Mälardalen University, School of Innovation, Design and Engineering, Innovation and Product Realisation.
    Urenda Moris, Matias
    University of Uppsala, Sweden.
    Syberfeldtb, Anna
    University of Skövde, Sweden.
    Simulation-based Optimization for Facility Layout Design in Conditions of High Uncertainty2018In: Procedia CIRP, ISSN 2212-8271, E-ISSN 2212-8271, Vol. 72, p. -339Article in journal (Refereed)
    Abstract [en]

    Despite the increased use of Simulation based Optimization, the design of facility layout is challenged by high levels of uncertainty associated with new production processes. Addressing this issue, this paper aims to understand the conceptual modeling activities of Simulation-based Optimization for facility layout design in conditions of high uncertainty. Based on three in-depth case studies, the results of this paper show how characterization criteria of production systems can be used in conceptual modelling to reduce uncertainty. These results may be essential to support managers and stakeholders during the introduction of new production processes in the design of facility layouts.

  • 27.
    Friel, R. J.
    et al.
    The Wolfson School of Mechanical and Manufacturing Engineering, Loughborough University, Loughborough, Leicestershire, United Kingdom.
    Harris, R. A.
    The Wolfson School of Mechanical and Manufacturing Engineering, Loughborough University, Loughborough, Leicestershire, United Kingdom.
    Ultrasonic additive manufacturing – A hybrid production process for novel functional products2013In: Procedia CIRP, ISSN 2212-8271, E-ISSN 2212-8271, Vol. 6, p. 35-40Article in journal (Refereed)
    Abstract [en]

    Ultrasonic Additive Manufacturing (UAM), or Ultrasonic Consolidation as it is also referred, is a hybrid form of manufacture, primarily for metal components. The unique nature of the process permits extremely novel functionality to be realised such as multi-material structures with embedded componentry. UAM has been subject to research and investigation at Loughborough University since 2001. This paper introduces UAM then details a number of key findings in a number of areas that have been of particular focus at Loughborough in recent years. These include; the influence of pre-process material texture on interlaminar bonding, secure fibre positioning through laser machined channels, and freeform electrical circuitry integration. © 2013 The Authors.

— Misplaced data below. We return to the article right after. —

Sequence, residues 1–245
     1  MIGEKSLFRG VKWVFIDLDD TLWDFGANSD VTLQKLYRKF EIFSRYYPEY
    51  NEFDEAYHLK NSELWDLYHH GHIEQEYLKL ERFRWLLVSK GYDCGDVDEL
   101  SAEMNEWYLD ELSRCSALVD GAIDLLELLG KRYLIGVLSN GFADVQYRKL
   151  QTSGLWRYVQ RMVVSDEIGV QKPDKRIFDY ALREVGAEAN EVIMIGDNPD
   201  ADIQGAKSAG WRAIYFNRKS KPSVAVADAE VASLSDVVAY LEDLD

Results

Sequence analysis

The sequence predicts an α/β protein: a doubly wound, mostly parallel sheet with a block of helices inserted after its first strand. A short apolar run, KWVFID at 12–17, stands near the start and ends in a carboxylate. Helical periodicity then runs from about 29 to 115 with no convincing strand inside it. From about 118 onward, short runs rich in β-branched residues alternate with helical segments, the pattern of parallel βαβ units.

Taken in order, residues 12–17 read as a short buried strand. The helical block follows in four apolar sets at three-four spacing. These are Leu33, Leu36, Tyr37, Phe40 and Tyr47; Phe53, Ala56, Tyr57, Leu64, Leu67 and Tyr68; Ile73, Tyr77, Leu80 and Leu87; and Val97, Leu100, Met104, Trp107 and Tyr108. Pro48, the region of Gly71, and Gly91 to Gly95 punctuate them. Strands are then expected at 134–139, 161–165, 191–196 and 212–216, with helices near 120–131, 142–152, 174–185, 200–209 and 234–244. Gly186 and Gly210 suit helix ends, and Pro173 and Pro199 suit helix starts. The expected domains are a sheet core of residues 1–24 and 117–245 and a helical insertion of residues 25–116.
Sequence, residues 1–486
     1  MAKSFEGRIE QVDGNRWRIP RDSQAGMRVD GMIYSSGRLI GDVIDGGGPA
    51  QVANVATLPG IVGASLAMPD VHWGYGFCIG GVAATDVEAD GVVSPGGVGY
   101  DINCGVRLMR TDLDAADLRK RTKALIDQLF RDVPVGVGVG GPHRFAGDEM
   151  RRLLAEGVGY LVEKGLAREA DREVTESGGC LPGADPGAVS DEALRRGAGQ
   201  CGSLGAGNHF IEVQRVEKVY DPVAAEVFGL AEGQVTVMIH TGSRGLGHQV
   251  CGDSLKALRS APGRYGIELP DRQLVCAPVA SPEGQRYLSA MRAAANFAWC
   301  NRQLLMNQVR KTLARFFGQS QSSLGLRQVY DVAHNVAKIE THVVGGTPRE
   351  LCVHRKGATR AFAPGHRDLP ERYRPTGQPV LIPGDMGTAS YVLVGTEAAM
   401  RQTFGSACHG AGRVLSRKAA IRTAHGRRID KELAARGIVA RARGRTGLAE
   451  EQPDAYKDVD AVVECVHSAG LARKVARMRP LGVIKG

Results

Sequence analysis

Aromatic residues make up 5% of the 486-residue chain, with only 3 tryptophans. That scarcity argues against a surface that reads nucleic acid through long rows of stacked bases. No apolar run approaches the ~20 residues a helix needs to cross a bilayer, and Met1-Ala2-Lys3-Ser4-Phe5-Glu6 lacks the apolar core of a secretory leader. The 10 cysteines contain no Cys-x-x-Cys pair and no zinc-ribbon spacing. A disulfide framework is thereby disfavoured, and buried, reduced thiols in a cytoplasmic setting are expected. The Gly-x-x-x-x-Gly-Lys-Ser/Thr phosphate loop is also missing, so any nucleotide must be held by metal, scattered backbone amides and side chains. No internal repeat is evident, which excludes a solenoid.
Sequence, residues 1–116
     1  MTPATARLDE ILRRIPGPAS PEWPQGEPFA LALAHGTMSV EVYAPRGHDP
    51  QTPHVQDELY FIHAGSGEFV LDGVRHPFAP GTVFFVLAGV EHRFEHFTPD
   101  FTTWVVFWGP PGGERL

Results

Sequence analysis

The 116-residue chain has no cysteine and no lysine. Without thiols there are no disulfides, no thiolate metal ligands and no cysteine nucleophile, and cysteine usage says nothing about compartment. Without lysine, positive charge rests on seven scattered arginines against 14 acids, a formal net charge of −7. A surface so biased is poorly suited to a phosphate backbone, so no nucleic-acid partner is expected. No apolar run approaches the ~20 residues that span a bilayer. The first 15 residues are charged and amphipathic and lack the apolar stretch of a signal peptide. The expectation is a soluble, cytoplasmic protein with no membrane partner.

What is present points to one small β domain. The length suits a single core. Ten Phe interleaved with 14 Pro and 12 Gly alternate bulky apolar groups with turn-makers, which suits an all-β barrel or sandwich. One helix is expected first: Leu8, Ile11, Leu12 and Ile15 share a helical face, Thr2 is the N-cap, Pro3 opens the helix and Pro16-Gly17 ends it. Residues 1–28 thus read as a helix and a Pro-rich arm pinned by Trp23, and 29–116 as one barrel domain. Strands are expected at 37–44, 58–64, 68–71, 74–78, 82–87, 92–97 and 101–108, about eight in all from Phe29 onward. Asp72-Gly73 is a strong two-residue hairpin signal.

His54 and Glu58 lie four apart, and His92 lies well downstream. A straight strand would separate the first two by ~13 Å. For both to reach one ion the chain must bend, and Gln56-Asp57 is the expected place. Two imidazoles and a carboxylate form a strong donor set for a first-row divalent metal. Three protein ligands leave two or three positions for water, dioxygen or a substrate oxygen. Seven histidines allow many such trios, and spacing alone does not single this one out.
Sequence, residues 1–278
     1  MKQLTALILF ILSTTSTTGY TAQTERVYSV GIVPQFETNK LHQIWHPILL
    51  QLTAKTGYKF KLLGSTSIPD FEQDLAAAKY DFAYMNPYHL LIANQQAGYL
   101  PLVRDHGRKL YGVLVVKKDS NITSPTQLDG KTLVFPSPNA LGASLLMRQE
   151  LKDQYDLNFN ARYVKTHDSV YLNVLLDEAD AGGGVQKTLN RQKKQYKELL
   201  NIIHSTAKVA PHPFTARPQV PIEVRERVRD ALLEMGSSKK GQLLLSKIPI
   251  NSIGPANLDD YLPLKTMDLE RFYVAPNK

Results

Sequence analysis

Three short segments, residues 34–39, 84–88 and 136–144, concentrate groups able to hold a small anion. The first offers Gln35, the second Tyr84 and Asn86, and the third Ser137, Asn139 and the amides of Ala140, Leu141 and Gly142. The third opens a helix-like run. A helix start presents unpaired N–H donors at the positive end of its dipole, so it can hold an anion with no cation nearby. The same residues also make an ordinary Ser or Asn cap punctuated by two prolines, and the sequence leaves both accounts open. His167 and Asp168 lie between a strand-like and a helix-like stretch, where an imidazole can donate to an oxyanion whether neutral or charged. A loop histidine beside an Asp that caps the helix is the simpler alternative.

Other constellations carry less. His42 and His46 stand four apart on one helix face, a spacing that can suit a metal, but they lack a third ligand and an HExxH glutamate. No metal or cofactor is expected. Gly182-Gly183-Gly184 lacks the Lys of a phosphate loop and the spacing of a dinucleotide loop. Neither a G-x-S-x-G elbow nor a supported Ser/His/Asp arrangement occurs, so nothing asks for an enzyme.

• 28.
    Gandhi, Kanika
    et al.
    University of Skövde, School of Engineering Science. University of Skövde, The Virtual Systems Research Centre.
    Schmidt, Bernard
    University of Skövde, School of Engineering Science. University of Skövde, The Virtual Systems Research Centre.
    Ng, Amos H. C.
    University of Skövde, School of Engineering Science. University of Skövde, The Virtual Systems Research Centre.
    Towards data mining based decision support in manufacturing maintenance2018In: Procedia CIRP, ISSN 2212-8271, E-ISSN 2212-8271, Vol. 72, p. 261-265Article in journal (Refereed)
    Abstract [en]

    The current work presents a decision support system architecture for evaluating the features representing the health status to predict maintenance actions and remaning useful life of component. The evaluation is possible through pattern analysis of past and current measurements of the focused research components. Data mining visualization tools help in creating the most suitable patterns and learning insights from them. Estimations like features split values or measurement frequency of the component is achieved through classification methods in data mining. This paper presents how the quantitative results generated from data mining can be used to support decision making of domain experts.

  • 29.
    Grahn, Sten
    et al.
    RISE - Research Institutes of Sweden, Materials and Production, IVF. Mälardalen University, Sweden.